The Sacred Fire Of Nachez





The Indians of the South, being in contact with the civilized races of

Central America, were among the most progressive and honorable of the red

men. They were ruled by intelligence rather than force, and something of

the respect that Europeans feel for their kingly families made them

submit to woman's rule. The valley of Nacooche, Georgia, indeed,

perpetuates in its name one of these princesses of a royal house, for

though she ruled a large tribe with wisdom she was not impervious to the

passions of common mortals. The Evening Star died by her own hand,

being disappointed in love affair. Her story is that of Juliet, and she

and her lover--united in death, as they could not be in life--are buried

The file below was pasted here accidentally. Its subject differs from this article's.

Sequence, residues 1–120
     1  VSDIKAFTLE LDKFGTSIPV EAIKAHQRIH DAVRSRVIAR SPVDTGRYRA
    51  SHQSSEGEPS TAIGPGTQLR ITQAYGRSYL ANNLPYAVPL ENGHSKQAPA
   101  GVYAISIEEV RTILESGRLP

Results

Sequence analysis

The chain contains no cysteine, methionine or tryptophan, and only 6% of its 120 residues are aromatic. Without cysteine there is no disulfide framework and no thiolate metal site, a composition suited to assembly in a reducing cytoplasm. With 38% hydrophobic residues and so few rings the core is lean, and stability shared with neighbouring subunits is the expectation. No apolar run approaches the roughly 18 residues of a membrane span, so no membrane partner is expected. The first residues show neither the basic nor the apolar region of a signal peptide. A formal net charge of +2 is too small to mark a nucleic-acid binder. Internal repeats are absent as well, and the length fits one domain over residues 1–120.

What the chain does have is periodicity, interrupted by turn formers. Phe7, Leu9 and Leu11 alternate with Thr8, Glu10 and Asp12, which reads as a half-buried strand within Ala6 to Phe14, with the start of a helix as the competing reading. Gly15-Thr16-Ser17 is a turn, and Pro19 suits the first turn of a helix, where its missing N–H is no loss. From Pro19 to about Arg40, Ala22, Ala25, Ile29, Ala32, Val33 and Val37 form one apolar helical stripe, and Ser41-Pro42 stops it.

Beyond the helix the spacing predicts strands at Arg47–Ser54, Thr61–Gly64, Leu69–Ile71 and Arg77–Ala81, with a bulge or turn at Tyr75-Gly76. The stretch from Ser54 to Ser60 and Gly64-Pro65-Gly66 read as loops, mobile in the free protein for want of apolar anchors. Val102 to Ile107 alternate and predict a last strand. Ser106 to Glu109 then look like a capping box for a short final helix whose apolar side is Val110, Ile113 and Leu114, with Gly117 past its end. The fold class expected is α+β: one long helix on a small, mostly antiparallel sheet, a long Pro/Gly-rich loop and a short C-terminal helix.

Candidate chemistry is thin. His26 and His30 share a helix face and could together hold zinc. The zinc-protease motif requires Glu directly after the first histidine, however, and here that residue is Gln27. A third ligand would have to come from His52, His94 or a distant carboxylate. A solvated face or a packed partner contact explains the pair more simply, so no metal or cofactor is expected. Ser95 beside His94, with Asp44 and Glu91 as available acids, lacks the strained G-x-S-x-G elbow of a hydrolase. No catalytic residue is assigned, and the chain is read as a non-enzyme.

beneath a mound in the centre of he valley.



The Indians of that region had towns built for permanency, and possessed

some knowledge of the arts, while in religion their belief and rites were

curiously like those of the Persian fire-worshippers. It was on the site

of the present city in Mississippi which bears their name that the

Natchez Indians built their Temple of the Sun. When it was finished a

meteor fell from heaven and kindled the fire on their altar, and from

that hour the priests guarded he flame continually, until one night when

it was extinguished by mischance. This event was believed to be an omen,

and the people so took it to heart that when the white men came, directly

after, they had little courage to prosecute a war, and fell back before

the conqueror, never to hold their ancient home again.





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